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Beach Report Card Gives California Good Marks, Unless It Rains

Los Angeles County's beaches fare worse than last year in the environmental group's annual ratings.

Los Angeles County's beaches are among the state's most bacteria-ridden, according to the annual Beach Report Card from environmental group Heal the Bay, released Wednesday at a news conference on the Santa Monica Pier.

Only 75 percent of L.A. County's beaches scored A or B grades during year-round dry weather, Heal the Bay reported, a 5 percent decrease from last year. Still, overall, California's beaches fared well. The reports, which are calculated based on weekly testing across 445 state beaches, show that almost 90 percent of our beaches routinely receive A or B grades.

The real issue is rain.

In Los Angeles County, 46 percent of our beaches get an F during wet weather, when rain overloads drainage systems and pushes sewage and other bacteria out to sea.

Four of the top 10 "Beach Bummers," Heal the Bay's list of worst-performing beaches, are located in Los Angeles County: Avalon Harbor on Catalina Island, Cabrillo Beach, Topanga State Beach and Colorado Lagoon.

"People blame birds or kelp, but that doesn't explain the huge discrepancies between dry weather and rainy weather bacteria levels," said Heal the Bay President Dr. Mark Gold. "A hundred percent of beaches with no drainage got an A in dry weather.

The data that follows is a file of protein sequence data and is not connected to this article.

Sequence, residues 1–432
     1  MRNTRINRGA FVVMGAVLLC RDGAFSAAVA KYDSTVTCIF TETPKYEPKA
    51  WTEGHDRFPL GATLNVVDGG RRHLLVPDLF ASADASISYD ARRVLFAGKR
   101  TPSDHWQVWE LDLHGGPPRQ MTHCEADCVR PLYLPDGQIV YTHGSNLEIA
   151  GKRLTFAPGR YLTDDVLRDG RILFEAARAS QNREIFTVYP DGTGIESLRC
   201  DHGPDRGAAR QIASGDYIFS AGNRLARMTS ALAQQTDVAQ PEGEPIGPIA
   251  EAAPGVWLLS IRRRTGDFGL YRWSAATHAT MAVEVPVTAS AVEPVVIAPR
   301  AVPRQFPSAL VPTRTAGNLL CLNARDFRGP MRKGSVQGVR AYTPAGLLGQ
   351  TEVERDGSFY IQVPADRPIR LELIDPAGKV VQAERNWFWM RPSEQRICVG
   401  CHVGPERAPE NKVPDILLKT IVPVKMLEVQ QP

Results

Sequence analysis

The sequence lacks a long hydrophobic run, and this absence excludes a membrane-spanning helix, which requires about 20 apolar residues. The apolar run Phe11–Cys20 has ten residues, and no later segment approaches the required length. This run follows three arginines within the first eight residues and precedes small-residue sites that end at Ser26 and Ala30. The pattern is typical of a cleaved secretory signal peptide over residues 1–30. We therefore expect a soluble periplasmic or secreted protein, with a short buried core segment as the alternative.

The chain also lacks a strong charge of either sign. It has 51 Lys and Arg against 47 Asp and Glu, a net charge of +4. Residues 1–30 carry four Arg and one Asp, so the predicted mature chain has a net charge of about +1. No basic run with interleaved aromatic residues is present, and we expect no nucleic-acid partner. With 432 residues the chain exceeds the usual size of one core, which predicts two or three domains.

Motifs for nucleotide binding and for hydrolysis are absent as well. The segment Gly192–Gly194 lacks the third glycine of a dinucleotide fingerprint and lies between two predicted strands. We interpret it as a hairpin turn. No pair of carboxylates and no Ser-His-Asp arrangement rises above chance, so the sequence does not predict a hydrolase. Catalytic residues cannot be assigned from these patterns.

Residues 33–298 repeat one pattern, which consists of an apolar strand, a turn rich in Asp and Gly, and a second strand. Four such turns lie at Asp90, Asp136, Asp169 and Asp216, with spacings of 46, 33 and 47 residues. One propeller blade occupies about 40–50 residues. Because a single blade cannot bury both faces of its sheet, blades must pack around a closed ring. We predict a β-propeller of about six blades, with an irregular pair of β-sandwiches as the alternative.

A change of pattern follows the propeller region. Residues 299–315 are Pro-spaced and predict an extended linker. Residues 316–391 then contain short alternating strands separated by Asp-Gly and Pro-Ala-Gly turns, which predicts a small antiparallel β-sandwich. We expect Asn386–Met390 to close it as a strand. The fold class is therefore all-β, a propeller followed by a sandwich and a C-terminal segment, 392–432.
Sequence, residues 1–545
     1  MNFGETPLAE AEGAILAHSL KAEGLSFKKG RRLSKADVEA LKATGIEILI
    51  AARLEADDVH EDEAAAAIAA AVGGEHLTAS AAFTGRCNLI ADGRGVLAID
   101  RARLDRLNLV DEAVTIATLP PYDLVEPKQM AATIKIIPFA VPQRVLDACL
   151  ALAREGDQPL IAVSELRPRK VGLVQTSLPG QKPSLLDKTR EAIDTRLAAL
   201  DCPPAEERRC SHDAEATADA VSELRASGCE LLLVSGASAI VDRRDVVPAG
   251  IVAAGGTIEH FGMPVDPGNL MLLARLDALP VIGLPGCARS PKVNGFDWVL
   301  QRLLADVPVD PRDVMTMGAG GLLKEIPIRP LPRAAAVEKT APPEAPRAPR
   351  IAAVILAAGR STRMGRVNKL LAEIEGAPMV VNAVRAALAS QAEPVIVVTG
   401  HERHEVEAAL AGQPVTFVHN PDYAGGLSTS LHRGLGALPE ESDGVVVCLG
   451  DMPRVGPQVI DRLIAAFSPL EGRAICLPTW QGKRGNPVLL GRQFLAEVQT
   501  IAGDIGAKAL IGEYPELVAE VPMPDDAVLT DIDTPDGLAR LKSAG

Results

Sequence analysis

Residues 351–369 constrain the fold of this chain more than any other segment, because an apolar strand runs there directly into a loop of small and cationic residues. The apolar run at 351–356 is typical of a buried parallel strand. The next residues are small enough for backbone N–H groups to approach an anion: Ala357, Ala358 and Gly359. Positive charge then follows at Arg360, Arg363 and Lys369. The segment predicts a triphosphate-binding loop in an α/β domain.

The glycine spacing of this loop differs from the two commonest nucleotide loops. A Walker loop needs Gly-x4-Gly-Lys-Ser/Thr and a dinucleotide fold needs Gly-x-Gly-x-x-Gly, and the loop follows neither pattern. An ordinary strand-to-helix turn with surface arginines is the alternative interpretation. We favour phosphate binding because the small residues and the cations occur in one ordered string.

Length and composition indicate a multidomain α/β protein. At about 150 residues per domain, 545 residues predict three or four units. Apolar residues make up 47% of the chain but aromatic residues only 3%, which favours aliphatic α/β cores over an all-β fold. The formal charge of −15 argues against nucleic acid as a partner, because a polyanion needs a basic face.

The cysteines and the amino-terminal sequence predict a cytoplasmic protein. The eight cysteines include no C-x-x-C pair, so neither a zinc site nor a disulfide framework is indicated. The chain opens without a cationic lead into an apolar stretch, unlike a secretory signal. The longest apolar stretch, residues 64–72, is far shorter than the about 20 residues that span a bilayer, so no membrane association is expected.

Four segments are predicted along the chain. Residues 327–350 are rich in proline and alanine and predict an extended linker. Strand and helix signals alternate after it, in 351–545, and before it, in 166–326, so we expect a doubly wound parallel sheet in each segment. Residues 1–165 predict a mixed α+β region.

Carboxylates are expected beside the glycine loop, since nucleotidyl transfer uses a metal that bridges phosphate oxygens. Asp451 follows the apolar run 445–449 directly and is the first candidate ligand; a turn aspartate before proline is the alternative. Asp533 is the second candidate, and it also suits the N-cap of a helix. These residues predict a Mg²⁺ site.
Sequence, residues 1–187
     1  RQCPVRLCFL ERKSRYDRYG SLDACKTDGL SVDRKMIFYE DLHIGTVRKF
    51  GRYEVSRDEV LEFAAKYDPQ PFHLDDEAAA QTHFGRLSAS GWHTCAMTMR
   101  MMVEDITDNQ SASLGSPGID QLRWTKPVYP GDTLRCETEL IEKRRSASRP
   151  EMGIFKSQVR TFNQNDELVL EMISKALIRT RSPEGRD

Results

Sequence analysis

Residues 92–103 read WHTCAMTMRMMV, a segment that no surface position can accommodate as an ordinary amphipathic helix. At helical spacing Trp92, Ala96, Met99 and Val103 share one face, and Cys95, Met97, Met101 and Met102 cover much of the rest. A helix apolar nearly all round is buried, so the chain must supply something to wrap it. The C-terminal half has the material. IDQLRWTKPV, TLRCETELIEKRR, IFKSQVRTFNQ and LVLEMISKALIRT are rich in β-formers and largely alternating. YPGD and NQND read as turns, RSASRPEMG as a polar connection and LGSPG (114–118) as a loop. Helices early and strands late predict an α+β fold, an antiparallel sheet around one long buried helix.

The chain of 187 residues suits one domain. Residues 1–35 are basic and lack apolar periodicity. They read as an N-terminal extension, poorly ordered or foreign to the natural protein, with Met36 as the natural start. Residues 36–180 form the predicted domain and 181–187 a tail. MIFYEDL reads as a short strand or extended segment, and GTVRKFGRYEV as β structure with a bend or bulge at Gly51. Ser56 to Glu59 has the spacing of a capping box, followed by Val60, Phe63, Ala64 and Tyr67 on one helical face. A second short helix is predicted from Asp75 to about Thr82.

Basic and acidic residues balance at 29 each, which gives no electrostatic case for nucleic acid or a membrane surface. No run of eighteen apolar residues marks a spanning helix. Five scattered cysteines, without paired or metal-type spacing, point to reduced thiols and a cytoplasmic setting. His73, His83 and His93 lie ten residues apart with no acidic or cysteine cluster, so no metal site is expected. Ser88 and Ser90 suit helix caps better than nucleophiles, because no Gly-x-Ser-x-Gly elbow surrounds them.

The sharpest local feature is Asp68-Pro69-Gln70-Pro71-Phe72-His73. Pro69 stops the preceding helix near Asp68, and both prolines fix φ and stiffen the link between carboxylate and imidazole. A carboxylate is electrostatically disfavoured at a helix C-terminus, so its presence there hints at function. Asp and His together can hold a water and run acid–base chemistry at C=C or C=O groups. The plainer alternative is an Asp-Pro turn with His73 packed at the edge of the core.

"Soon or later, local government is going to have to generate revenue to clean up our beaches," Gold said.

Gold pointed to where he was standing, the Santa Monica Pier, as an example of how local government can help protect the ocean and swimmers. Santa Monica replaced the storm drain under the pier, and has installed nets to prevent birds. The project was funded by Measure V, the Clean Beaches and Ocean Parcel Tax, which passed in 2006.

"This beach, which went from one of the worst in the state, got an A this year," Santa Monica City Councilman Bobby Shriver said. He thanked Santa Monica residents for voting to tax themselves to complete the project.

Manhattan Beach, from El Porto to the drain at 28th Street, is a typical Los Angeles County beach: clean in dry weather, hazardous to your health in rainy, scoring F grades in wet weather and A+s in dry. The one Manhattan Beach spot that gets an A+ in wet and dry weather is the Manhattan Beach Pier.

"Water quality is very important to public health," said Cedars-Sinai Medical Center's Dr. Aliza Lifshitz. She cautioned swimmers and parents to be alert for upper respiratory and intestinal infections, as well as rashes from exposure to bacteria.

She also warned parents about the still waters that families tend to flock to. "The areas that seem ideal for young kids are also ideal for bacteria," she said.

This was the 21st year Heal the Bay released a Beach Report Card. Heal the Bay's local partners test the ocean for contaminants year-round, but due to cuts enacted during the Schwarzenegger administration, state funding for beach monitoring is expected to end this year.

The complete report can be found at www.beachreportcard.org.

This was the first year Heal the Bay's report card included beaches in Oregon and Washington.

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